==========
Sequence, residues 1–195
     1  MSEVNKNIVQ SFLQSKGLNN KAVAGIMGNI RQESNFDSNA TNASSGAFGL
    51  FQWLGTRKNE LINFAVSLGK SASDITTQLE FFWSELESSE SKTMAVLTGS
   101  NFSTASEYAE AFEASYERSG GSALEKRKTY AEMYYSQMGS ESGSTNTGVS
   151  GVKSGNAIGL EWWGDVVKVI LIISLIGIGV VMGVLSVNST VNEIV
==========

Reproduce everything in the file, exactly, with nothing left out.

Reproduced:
Sequence, residues 1–195
     1  MSEVNKNIVQ SFLQSKGLNN KAVAGIMGNI RQESNFDSNA TNASSGAFGL
    51  FQWLGTRKNE LINFAVSLGK SASDITTQLE FFWSELESSE SKTMAVLTGS
   101  NFSTASEYAE AFEASYERSG GSALEKRKTY AEMYYSQMGS ESGSTNTGVS
   151  GVKSGNAIGL EWWGDVVKVI LIISLIGIGV VMGVLSVNST VNEIV